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alanz commented Apr 26, 2017

juhp added a commit that referenced this issue Apr 26, 2017

Revert "re-instate cryptonite < 0.23 (#2469)"
fixed with avers revision

This reverts commit 8ab2f4d.
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DanBurton Apr 26, 2017

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I am +1 on stackage builds being able to selectively ignore revisions (or version bounds in general) when they are unhelpful. But we should avoid using this ability and just sort things out with trustees and package owners if at all possible.

Perhaps we should go so far as to say that Nightlies can ignore revisions, but LTS cannot? I do really want to avoid getting into a situation where people try to use a stackage snapshot, only to be blocked because their tooling says that the version constraints are wrong.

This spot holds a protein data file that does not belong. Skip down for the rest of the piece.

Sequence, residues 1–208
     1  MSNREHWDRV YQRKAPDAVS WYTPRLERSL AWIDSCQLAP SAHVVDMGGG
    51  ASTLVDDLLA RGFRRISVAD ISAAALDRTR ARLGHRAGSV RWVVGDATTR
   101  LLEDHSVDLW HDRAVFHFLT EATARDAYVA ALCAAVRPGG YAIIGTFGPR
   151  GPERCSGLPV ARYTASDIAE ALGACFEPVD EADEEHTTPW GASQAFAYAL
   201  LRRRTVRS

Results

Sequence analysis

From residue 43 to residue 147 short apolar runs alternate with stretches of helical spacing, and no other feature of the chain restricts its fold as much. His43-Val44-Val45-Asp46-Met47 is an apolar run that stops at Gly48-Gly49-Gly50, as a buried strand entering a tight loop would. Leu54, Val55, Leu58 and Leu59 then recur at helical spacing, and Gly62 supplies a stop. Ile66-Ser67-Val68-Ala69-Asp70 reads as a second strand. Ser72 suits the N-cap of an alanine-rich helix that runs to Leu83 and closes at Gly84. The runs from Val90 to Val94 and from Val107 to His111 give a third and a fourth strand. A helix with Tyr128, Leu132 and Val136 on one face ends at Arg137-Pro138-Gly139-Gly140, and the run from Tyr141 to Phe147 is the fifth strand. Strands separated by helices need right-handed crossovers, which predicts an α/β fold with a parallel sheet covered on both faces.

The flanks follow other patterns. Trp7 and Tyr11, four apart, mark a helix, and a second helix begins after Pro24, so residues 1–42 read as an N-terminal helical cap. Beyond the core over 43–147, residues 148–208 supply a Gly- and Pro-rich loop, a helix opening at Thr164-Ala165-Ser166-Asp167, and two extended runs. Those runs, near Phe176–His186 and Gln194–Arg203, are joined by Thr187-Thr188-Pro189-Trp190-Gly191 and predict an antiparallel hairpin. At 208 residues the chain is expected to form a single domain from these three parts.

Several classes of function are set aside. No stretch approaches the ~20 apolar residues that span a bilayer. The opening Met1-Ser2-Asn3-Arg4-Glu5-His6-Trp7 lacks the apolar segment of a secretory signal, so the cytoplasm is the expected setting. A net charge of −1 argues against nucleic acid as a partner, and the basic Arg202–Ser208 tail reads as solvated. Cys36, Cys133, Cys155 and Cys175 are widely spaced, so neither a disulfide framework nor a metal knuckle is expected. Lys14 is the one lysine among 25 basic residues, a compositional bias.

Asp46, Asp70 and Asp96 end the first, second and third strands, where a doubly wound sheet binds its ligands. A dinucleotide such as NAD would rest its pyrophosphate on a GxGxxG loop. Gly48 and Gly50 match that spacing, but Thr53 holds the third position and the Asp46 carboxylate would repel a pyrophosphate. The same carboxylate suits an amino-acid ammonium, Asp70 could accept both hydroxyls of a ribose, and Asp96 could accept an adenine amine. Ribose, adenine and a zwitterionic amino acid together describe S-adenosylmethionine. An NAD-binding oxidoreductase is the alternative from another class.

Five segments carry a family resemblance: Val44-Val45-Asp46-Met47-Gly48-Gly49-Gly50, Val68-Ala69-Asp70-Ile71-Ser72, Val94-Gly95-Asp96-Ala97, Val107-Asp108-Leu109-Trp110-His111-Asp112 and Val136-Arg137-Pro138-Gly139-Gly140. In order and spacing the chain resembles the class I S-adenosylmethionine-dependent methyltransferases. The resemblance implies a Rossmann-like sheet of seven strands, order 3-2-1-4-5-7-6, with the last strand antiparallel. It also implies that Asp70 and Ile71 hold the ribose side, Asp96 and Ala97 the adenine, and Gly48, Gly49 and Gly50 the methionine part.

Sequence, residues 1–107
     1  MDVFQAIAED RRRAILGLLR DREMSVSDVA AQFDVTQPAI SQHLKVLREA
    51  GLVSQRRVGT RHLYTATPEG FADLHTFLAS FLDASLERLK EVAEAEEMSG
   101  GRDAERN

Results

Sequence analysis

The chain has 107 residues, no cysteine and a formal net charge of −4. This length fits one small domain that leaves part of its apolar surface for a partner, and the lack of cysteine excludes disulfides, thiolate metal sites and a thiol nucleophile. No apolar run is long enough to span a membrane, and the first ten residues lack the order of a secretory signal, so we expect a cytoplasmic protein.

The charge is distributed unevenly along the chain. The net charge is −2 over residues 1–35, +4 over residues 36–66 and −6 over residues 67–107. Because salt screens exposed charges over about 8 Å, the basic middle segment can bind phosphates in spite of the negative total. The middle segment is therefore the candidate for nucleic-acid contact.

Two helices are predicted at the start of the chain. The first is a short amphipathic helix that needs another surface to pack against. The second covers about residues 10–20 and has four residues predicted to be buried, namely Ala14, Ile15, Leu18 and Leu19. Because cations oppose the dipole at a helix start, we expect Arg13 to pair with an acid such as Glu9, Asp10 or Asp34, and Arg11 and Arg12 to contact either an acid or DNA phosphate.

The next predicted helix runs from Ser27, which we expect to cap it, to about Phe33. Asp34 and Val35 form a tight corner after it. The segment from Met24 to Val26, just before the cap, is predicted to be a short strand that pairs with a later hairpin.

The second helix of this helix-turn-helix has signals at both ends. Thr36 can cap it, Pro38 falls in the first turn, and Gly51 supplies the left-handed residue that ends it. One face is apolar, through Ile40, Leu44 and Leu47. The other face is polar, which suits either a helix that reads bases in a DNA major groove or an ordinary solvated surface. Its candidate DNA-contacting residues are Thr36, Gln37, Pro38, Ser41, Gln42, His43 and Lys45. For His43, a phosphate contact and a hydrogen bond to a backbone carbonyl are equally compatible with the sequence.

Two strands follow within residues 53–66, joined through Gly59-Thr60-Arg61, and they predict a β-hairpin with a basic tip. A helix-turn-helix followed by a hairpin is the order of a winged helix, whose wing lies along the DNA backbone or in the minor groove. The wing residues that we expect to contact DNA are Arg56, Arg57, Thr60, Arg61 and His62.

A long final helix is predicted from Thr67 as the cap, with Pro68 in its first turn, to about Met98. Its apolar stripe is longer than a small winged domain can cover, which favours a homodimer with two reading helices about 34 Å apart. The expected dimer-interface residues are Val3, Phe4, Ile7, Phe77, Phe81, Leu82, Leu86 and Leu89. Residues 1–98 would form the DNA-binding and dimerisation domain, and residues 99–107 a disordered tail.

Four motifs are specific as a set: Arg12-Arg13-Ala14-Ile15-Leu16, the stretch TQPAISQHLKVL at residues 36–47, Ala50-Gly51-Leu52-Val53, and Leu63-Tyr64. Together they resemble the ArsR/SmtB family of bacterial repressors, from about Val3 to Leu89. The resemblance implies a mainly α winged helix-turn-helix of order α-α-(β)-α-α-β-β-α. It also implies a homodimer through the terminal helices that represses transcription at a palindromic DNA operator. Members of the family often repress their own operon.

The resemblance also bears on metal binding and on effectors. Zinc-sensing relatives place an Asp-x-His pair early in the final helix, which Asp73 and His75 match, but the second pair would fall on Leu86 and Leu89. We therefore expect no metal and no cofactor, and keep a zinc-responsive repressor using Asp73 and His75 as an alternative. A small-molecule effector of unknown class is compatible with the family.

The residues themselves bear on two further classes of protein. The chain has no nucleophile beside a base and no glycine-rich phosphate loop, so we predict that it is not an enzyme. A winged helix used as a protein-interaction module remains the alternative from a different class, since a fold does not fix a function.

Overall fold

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DanBurton commented Apr 26, 2017

I am +1 on stackage builds being able to selectively ignore revisions (or version bounds in general) when they are unhelpful. But we should avoid using this ability and just sort things out with trustees and package owners if at all possible.

Perhaps we should go so far as to say that Nightlies can ignore revisions, but LTS cannot? I do really want to avoid getting into a situation where people try to use a stackage snapshot, only to be blocked because their tooling says that the version constraints are wrong.

@juhp juhp closed this May 2, 2017